Adopted Amendments to Mandatory Instruments
• Survey Harmonization – Resolution MSC.409(97) adopted new SOLAS regulation XI-1/2-1 which revises the SOLAS Safety Construction Renewal Survey period for cargo ships, which are not subject to the Enhanced Survey Program (ESP) Code, so as to be harmonized with the Renewal Survey period under the ESP Code. Accordingly, as of the July 1, 2018 entry into force date, the 3-month survey period to complete the SOLAS Safety Construction Renewal Survey will be expanded to 15 months for cargo ships not subject to the ESP Code. Harmonization of the 6-month SOLAS Safety Construction Intermediate Survey period with the 18-month period provided for in the ESP Code will be addressed under revisions to the Harmonized System of Survey and Certification, HSSC, Guidelines.
• Intact Stability (IS) Code Revisions – Revisions of the mandatory requirements of Part A of the IS Code were adopted by resolutions MSC.413(97) under SOLAS and by resolution MSC.414(97) under the Load Line Convention. The revisions address:
– ships engaged in anchor handling operations (deploying, recovering and repositioning of anchors and associated mooring lines);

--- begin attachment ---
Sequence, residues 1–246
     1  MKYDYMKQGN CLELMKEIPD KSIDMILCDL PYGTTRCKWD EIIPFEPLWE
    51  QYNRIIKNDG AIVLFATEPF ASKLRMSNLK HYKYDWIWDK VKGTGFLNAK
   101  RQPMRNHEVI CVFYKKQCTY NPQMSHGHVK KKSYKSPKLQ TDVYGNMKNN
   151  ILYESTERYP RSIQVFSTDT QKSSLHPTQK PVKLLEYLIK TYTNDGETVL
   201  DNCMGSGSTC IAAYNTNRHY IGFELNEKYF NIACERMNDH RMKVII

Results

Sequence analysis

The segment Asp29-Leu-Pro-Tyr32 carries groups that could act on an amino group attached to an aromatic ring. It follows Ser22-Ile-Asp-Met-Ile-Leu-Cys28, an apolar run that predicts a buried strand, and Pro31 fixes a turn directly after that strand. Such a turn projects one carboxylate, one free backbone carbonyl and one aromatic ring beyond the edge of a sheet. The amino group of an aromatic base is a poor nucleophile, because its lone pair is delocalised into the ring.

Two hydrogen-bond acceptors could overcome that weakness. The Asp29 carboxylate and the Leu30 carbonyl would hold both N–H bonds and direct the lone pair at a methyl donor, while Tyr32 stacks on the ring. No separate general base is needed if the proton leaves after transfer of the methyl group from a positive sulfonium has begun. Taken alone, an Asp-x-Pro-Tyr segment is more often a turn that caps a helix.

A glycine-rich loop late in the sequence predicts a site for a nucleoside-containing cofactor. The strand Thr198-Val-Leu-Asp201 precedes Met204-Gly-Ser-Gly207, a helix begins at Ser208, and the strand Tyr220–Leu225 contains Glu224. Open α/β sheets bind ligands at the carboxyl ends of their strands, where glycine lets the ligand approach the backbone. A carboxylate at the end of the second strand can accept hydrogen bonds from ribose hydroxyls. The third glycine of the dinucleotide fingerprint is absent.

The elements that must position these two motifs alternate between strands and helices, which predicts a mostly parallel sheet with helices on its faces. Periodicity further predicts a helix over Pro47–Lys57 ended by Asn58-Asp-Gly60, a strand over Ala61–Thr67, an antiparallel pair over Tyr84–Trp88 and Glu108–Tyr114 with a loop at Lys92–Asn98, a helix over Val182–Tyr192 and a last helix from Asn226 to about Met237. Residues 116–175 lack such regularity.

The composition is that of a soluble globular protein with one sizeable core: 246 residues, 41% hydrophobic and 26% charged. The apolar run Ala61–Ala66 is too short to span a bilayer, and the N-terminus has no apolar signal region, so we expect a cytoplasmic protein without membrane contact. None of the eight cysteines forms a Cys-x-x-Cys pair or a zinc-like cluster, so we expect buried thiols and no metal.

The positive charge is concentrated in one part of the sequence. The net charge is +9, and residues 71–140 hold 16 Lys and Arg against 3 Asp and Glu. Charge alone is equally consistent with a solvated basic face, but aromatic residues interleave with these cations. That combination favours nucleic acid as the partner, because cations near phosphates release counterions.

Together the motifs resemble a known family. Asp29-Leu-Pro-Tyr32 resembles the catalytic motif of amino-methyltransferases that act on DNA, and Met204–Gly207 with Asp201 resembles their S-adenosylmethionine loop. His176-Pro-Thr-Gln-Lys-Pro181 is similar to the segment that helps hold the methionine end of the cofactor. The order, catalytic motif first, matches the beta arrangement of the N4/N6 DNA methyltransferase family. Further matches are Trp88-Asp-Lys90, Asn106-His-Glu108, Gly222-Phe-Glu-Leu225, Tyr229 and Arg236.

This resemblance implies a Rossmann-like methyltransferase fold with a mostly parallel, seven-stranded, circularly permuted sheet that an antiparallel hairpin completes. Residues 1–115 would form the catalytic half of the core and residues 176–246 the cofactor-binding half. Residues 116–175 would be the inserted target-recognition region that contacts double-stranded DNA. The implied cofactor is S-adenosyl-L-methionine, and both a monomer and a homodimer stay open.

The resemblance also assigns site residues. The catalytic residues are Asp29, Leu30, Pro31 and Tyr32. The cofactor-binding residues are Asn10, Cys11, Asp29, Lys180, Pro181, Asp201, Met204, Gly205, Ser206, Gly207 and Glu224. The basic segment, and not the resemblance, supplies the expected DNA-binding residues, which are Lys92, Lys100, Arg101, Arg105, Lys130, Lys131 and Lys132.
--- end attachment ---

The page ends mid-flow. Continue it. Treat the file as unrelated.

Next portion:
– ships engaged in harbor towing of ships and floating structures within sheltered waters;
– ships engaged in coastal or ocean towing of ships and floating structures outside of sheltered waters;
– ships engaged in lifting operation by means of winches, cranes, a-frames or other lifting devices; and
– ships engaged in escort operation in steering, braking and controlling the assisted ship during ordinary or emergency maneuvering.
At MSC 98, in June 2017, revisions of SOLAS II-I and the Load Convention are set to be adopted which will require new ships engaged in the above operation to comply with the IS Code. New ships will be defined as ships:
– for which the building contract is placed on or after January 1, 2020; or
– in the absence of a building contract, the keel of which is laid or which are at a similar stage of construction on or after July 1, 2020; or
– regardless of the above, the delivery of which is on or after January 1, 2024.